Faced with socio-economic, geographic, language and cultural barriers, many Orang Asli children perform poorly and drop out of school. Since 1995, the Ministry of Education has introduced various policies and programmes to improve the educational outcomes of Orang Asli children. These programmes and policies have evolved from integration into mainstream education to a more indigenous-focused education. However, the paper concludes that further action is needed to ensure these policies match the nature and scale of the challenge that Orang Asli face.

The following are the recommendations based on the findings of the research:


  • Policies should identify and tackle underlying challenges instead of addressing ‘symptoms’

  • Periodic evaluation and impact analysis of policies and programmes are needed to ensure effectivity and address new issues and gaps that arise during implementation

  • Look into needs of Orang Asli children who have never been to school and identify and address their challenges

  • Respect the voice of Orang Asli communities and their right to self-determination when formulating policies and programmes

  • Contextualise the curriculum and incorporate indigenous values and culture so that it is relevant to the students’ lives

  • Provide adequate training to teachers and support them with professional development programmes

  • Re-examine the focus of the Malaysian education system and move towards a holistic education

Commenting on the release, Wan said that “It is hoped that the observations and recommendations made in this paper will contribute to the continuous improvement in the policies and programmes for the benefit of Orang Asli children. This is not just an issue faced by Orang Asli communities but a national education issue, and we need to ensure that all Malaysian children have access to quality education.”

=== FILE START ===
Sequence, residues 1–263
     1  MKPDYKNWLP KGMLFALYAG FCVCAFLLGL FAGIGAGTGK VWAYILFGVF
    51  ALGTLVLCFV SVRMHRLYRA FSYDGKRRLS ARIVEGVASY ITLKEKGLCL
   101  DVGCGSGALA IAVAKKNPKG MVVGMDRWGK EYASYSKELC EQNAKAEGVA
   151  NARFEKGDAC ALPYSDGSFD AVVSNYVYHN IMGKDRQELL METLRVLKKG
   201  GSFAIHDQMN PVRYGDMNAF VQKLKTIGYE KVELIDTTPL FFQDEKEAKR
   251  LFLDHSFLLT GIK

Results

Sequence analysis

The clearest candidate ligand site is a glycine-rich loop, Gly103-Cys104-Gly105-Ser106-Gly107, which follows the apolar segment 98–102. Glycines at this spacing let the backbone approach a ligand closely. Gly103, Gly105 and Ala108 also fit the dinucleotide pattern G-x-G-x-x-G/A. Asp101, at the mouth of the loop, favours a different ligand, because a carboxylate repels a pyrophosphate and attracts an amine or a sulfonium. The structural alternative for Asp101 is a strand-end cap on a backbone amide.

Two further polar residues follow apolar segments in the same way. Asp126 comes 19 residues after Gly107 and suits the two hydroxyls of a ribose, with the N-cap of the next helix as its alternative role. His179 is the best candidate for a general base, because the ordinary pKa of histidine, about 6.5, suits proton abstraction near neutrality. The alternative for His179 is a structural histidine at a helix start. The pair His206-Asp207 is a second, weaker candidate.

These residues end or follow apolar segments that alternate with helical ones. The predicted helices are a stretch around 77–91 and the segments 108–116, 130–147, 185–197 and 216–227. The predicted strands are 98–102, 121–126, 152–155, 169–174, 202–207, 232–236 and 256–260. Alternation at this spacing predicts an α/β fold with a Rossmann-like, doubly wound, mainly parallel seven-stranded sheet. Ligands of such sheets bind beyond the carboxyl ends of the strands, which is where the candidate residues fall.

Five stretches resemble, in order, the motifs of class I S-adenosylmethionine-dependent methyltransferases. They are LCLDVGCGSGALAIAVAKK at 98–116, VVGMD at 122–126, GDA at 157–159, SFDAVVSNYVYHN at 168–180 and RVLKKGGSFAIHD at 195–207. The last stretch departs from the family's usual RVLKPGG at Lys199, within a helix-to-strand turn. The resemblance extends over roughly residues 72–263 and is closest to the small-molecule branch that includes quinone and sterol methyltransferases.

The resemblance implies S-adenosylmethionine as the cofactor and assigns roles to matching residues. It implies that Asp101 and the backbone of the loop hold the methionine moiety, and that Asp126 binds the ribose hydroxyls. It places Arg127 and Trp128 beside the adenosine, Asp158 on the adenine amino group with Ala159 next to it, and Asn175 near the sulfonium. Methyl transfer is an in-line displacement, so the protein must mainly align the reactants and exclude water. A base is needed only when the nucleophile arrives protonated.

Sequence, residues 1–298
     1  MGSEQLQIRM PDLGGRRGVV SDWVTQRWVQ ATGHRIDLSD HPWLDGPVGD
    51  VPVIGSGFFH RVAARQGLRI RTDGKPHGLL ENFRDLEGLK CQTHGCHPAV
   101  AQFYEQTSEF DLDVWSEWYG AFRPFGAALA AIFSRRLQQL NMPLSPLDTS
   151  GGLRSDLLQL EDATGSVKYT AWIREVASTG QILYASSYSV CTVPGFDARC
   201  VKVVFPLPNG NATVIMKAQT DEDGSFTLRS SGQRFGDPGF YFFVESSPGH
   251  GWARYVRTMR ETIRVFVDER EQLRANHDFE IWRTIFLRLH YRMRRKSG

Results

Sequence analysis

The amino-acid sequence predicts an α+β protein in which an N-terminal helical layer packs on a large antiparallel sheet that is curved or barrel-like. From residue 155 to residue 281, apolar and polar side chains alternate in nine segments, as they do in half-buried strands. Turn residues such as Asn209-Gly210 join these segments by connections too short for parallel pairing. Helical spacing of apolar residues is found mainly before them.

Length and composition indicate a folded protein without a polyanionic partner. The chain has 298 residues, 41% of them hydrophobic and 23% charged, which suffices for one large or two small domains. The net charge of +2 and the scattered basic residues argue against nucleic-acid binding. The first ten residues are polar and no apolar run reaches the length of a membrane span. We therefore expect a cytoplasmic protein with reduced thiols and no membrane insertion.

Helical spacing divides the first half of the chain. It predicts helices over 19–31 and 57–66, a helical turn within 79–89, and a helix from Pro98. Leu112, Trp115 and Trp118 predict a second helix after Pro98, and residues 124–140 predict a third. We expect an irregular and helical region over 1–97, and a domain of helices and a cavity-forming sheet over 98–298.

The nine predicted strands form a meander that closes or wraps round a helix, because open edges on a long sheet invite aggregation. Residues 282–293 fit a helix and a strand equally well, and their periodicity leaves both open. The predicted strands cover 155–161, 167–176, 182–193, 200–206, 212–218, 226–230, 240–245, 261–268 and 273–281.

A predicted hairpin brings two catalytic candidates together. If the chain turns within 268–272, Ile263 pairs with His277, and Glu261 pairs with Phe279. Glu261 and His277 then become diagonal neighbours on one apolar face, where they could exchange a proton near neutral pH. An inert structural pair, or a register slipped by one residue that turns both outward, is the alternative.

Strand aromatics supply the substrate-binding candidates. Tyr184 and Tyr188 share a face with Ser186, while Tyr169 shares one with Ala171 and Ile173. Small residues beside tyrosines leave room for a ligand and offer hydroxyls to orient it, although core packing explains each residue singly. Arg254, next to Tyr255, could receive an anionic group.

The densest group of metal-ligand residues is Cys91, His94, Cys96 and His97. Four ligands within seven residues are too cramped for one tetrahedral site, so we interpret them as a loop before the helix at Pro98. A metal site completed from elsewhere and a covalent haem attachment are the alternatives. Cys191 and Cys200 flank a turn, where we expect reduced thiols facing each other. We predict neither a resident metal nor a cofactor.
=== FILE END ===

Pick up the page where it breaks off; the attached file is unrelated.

IDEAS CEO Tricia Yeoh commented, “Orang Asli children continue to face tremendous barriers in accessing the quality education they require to escape the poverty cycle. The education system must better serve our indigenous communities to enable them to flourish and participate meaningfully in our Malaysian society.”


A copy of the Policy IDEAS No.66 can be downloaded here.



Last Updated on Tuesday, 02 February 2021 16:05
'When I get to the Polling Booth...' PDF Print E-mail
Wednesday, 08 February 2012 01:55

ongohingBy Goh Keat Peng

First published in onGOHing (parts 1 and 2)


When I get to the polling booth this coming general elections, the question among others that I will ask myself will be: Which of the two contesting political party coalitions will be more likely to move against those who have allegedly committed crime against the country by misusing the people’s financial resources?


This issue concerns me because, despite the fact that I myself may no longer be poor, it is unconscionable that so many Malaysian families are today still deprived of so much essential goods and services in their daily lives while some in positions of power or have connections with those in positions of power seem to be able to live it up either by paying themselves exorbitant salaries, packages and bonuses or awarded contracts which are worth a lot.

Bona fide business must of course be given space to start and grow to create jobs and enhance taxes to increase the nation’s wealth which in turn can generate work opportunities and more essential goods and services for all our people. But there must be opportunities for qualified Malaysians to bid for government contracts through openly conducted tender.

Issues of good governance are of great consequence because no country is so wealthy that it can allow an unmitigated drain on the people’s resources and yet not have adverse effects on national development and impact on its people. If we have “Save Water” and “Save Electricity”campaigns which we as the people must take very seriously, can we as a nation afford not to have a“Save the People’s Money” campaign?

Last Updated on Wednesday, 08 February 2012 02:57